China and the US lead the rise in global debt to a record $305 trillion

The world’s two largest economies borrowed the most in the first quarter, when global debt rose to a record over $305 trillion while the debt-to-GDP ratio fell, data from the US showed on Wednesday. Institute of International Finance (IIF).

the debt of China increased by 2.5 billion dollars during the first trimester and The United States added 1.5 billion dollarsaccording to the data, while total debt in the euro zone fell for the third consecutive quarter.

The analysis showed that many countries, both emerging and developed, are entering a monetary tightening cycle – led by the Federal Reserve – with high levels of dollar-denominated debt.

“As central banks move forward with tightening monetary policies to curb inflationary pressures, higher borrowing costs will exacerbate debt vulnerabilities,” the IIF report said.

“The impact could be more severe for those emerging market borrowers who have a less diversified investor base.”

Sovereigns beware

Corporate debt outside banks and government loans were the main sources of the credit surge, with debt outside the financial sector topping $236 trillion, some $40 trillion more than two years ago when the crisis hit. Covid-19 pandemic.

Government debt has risen more slowly over the same period, but as borrowing costs rise, sovereign balance sheets remain under pressure.

“With government financing needs still well above pre-pandemic levels, higher and more volatile commodity prices could force some countries to further increase public spending to stave off social unrest,” the government said. IIF. “This could be particularly difficult for emerging markets that have less fiscal space.”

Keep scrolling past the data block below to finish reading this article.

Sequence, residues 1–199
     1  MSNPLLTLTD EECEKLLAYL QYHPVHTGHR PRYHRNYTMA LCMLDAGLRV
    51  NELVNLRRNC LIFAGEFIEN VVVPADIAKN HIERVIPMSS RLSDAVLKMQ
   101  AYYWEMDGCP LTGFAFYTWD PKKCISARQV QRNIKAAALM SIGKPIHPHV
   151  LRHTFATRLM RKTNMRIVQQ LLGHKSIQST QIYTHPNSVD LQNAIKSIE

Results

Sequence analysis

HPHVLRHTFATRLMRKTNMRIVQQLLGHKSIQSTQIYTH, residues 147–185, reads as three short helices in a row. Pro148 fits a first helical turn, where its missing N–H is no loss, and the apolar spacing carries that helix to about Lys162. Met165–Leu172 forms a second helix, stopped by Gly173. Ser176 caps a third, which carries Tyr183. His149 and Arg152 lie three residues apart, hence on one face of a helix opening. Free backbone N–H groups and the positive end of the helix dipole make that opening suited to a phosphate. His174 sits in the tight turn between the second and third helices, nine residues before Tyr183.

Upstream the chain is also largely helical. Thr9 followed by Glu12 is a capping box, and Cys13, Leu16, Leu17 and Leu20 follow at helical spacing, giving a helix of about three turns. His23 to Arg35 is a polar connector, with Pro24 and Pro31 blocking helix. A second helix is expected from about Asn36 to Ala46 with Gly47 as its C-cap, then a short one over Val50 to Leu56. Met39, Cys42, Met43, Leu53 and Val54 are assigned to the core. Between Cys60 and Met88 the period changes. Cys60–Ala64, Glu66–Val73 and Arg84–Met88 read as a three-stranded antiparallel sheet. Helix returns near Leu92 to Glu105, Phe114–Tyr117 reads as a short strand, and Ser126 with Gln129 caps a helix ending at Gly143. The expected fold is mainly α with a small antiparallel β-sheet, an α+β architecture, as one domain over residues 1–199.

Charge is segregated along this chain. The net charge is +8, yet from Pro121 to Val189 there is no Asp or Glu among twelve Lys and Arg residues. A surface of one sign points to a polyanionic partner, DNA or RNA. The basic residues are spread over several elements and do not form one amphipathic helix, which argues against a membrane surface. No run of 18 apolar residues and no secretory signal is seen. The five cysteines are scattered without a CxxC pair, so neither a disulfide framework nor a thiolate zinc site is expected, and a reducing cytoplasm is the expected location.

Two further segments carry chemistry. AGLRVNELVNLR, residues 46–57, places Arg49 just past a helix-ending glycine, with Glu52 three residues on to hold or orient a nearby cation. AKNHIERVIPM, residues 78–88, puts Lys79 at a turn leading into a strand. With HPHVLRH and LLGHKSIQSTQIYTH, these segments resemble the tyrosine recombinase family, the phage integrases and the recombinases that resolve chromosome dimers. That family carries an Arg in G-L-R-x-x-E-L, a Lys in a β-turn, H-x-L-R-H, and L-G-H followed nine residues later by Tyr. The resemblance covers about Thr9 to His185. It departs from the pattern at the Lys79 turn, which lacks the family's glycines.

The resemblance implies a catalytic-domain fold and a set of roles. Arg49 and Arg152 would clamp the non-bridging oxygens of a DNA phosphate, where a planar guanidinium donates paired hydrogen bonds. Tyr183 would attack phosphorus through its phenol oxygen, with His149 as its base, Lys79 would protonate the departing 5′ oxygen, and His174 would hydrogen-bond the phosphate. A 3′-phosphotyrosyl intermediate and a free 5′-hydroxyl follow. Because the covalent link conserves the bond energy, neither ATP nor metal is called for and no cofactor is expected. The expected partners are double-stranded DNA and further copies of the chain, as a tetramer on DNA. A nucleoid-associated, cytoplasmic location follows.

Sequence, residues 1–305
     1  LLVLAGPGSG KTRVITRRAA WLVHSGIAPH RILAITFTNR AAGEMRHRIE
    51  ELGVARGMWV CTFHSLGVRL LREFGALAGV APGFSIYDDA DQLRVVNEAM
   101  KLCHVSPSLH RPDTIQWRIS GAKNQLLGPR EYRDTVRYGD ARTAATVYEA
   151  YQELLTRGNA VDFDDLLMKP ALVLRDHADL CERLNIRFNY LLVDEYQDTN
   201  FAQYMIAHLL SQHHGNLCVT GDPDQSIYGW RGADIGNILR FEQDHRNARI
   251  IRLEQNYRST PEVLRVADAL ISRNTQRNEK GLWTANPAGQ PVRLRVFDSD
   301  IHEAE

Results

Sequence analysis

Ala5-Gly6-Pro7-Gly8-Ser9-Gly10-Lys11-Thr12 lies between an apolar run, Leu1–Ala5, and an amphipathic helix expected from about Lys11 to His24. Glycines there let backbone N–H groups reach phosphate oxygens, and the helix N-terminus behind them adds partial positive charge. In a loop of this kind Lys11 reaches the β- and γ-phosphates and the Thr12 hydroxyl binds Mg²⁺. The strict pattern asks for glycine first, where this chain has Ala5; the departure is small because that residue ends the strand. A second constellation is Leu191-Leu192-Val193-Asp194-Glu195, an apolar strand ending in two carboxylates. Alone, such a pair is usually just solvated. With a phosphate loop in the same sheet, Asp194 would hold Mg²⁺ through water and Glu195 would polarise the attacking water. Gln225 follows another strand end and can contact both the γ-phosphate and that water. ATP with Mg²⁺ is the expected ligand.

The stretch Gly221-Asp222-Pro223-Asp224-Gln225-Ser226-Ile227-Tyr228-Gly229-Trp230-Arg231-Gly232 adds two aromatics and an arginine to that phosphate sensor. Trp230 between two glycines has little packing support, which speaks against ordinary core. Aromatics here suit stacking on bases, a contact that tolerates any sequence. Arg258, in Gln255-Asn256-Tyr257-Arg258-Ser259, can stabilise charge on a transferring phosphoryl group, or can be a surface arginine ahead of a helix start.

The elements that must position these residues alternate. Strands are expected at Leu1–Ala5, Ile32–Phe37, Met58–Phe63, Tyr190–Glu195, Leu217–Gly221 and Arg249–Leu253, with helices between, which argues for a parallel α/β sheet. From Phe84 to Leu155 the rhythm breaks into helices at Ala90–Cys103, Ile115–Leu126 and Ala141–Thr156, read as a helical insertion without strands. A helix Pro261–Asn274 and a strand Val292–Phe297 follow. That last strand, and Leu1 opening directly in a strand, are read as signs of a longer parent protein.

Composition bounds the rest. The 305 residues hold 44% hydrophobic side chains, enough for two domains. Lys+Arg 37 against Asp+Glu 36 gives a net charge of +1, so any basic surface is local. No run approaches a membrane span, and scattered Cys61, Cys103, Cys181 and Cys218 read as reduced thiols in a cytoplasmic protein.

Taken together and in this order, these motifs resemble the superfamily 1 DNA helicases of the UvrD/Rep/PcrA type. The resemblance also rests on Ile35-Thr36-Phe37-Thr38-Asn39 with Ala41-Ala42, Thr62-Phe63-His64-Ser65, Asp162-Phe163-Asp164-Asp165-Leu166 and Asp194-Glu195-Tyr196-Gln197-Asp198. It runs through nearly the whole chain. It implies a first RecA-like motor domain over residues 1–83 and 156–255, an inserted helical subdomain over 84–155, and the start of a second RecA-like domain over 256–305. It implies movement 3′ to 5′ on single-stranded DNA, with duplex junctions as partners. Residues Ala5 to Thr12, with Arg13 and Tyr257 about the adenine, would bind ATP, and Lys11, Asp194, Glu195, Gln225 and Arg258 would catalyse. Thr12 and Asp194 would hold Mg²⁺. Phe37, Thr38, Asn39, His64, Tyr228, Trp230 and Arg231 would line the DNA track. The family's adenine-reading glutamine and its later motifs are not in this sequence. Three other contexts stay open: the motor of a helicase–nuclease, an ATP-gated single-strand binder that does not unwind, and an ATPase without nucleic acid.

The lack of transparency has also become a burden for emerging markets, where total debt is approaching $100 trillion from $89 trillion a year ago.

“The lack of timely disclosure of public debt obligations, the very limited coverage of contingent liabilities (including the liabilities of state-owned companies) and the widespread use of confidentiality clauses are the main impediments that cause information asymmetries between creditors and debtors,” the IIF report said.

The global debt-to-GDP ratio fell to 348%, some 15 percentage points below the record set a year ago, with major improvements seen in European Union countries.

“Growth is expected to slow significantly this year, with adverse implications for debt dynamics,” the report said.

“In the wake of strict lockdowns in China and tighter global financing conditions, the anticipated slowdown will likely limit or even reverse the downward trend in debt ratios.”

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